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Spring is Springing

Spring buds

After "Snowmaggedon" and "The Beast from the East" (or any other of the sensationalist phrases the media may like to use for winter) have passed through Great Britain, it leaves us looking forward to the spring, and on to summer. The months that we truly start to appreciate our gardens.

We start to think of what plants would be best to show off colour in the spring.

Here's a few plants that will brighten up the early spring days with plenty of colour.

corydalis flexuosa

Corydalis Flexuosa.

A Chinese forest plant, the corydalis flexuosa has detailed lacy blue leaves. Ideally these are best when planted as a group, helps show off the vibrant colour. They can be grown in dappled light in a rich soil, which doesn't get too wet. These are fairly resilient plants that can continue to flower for up to nine months. Ideal colour combinations are pink/yellow/dark red.

Grow these with Primula Denticulata

chaenomeles x superba pink lady

Chaenomeles x Superba 'Pink Lady'

These are best grown in a mixed border, behind perennials. Or they can be grown against a wall, spreading across it. There are other similar species, but the Pink Lady is the first to bloom in spring. They appear oriental in style, and are tough and tolerant of most soil types. Grow in full sun, or semi-shade for best results. Ideal colour combinations are white/light-violet/light-yellow/light-green.

Grow these with Clematis Alpina

Anemone Blanda

Plant in well drained soil, and these Anemone will return each spring. Similar to the buttercup, they will gradually cover the ground more and more every year. They can also be grown in pots, and are available in other colours. Ideally grown in sun or dappled shade, they will provide lengthy flowering time in the spring. Ideal colour combinations are pink/white/light-yellow/light purple.

Grow these with Tulipa 'Pink Diamond'

euphorbia polychroma

Euphorbia Polychroma

Grow in free draining soil, with some air flow around circulating, and this plant can look good with almost any other. Although avoid pairing with paler tones, this can make them look unpleasant, especially washed out yellows. Growing to approximately 45cm in height and spread this compact dome shaped shrub could be planted at the front of borders, or in a gravel garden. As spring fades away, the Euphorbia Polychroma can become rather dull, so think about the plants that will surround it. Orange and red flowers will help. Ideal colour combinations are violet/orange/red/dark pink.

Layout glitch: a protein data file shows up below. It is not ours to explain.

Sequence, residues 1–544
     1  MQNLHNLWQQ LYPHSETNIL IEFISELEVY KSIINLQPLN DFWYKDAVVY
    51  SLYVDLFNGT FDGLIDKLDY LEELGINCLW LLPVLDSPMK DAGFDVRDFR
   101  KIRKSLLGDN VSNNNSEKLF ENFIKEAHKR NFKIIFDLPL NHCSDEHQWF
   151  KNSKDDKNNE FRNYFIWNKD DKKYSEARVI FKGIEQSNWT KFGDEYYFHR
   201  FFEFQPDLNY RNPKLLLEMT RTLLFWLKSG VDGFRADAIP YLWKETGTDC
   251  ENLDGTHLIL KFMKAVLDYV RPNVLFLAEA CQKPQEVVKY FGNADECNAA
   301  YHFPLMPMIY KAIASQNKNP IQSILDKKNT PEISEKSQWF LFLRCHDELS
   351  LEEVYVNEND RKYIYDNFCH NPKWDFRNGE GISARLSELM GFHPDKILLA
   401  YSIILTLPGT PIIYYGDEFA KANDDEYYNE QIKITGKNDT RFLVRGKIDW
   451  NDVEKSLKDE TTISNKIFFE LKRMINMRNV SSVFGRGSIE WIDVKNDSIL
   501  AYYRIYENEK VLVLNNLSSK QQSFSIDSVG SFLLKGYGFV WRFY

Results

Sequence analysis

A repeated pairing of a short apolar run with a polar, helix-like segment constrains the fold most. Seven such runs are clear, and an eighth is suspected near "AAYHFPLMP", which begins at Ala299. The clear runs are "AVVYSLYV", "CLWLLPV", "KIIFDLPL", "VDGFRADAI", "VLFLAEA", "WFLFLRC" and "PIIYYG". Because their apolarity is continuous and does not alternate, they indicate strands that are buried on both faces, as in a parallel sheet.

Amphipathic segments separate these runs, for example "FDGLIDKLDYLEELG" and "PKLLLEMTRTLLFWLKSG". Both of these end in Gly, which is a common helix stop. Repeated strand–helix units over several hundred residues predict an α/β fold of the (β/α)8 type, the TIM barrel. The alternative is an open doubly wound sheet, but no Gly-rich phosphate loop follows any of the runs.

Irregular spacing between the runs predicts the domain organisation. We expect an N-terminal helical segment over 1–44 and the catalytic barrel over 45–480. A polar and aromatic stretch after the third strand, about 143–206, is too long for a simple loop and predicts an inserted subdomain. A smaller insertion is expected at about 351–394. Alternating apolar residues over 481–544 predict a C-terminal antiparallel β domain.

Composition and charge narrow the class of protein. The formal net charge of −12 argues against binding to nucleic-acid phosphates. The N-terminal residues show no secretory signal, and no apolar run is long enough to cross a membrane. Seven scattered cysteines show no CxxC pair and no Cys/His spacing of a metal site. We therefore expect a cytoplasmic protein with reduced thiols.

Grow these with Tulipa 'Princess Irene'

Primula Vulgaris

The Primula grows in Britain's meadows, hedgerows and woodland. Grow them fringes of deciduous shrubs and they will stand out in the early spring, and then as the foliage of the deciduous shrubs grow, will create dappled shade for these light-yellow flowers. They thrive in moisture retentive, free draining soil, and will return year after year. Ideal colour combinations are purple/pink/light-blue/light-green.

Grow these with Primula Denticulata

tulipa clusiana

Tulipa Clusiana

With its alternating dark pink and white stripe petals the Tulipa Clusiana reliably reappears when grown in free-draining soil. Grow in groups for an overwhelming impact this slim elegant plant with grey-blue leaves is a must for all spring gardens. Ideal colour combinations are light-violet/light-pink/light-blue.

Grow these with Myosotis 'Blue Ball'

Other plants that could add colour to your garden in spring:

Chrysosplenium Macrophyllum

Nonea Lutea

Humulus Lupulus

Viola Odorata

Aurinia Saxatillis

Muscari Comosum

Corylopsis Pauciflora

Daphne Mezereum

Viola x Wittrockiana

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